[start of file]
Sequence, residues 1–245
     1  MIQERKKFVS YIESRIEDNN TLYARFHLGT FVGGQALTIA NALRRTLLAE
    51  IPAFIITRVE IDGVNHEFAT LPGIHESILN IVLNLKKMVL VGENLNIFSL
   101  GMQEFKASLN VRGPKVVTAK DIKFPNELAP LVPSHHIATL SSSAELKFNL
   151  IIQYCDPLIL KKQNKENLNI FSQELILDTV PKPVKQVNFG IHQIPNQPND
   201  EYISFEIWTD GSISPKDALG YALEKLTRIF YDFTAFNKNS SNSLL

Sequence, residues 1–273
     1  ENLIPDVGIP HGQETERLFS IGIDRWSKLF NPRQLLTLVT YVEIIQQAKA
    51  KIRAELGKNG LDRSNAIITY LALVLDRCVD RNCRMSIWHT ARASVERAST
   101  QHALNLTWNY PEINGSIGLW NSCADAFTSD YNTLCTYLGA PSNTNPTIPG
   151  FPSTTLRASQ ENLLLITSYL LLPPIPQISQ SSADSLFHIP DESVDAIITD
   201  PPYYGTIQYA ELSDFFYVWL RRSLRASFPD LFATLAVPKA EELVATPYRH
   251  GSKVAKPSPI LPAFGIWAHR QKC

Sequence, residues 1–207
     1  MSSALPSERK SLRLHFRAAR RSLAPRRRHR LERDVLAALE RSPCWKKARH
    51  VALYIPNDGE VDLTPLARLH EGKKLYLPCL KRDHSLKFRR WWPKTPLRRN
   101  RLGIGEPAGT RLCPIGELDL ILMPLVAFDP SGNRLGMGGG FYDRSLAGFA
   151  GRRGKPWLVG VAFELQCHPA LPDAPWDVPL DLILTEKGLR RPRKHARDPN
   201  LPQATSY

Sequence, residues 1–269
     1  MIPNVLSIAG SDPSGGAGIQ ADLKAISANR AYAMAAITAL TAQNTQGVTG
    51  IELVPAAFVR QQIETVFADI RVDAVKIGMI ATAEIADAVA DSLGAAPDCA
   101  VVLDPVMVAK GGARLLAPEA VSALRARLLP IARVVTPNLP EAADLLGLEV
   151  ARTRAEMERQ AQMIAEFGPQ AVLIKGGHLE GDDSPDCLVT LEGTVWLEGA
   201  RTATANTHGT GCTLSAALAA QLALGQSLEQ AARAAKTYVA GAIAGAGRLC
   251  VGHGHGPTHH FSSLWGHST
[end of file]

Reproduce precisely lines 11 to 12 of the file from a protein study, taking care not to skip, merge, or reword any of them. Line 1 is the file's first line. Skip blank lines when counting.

   151  FPSTTLRASQ ENLLLITSYL LLPPIPQISQ SSADSLFHIP DESVDAIITD
   201  PPYYGTIQYA ELSDFFYVWL RRSLRASFPD LFATLAVPKA EELVATPYRH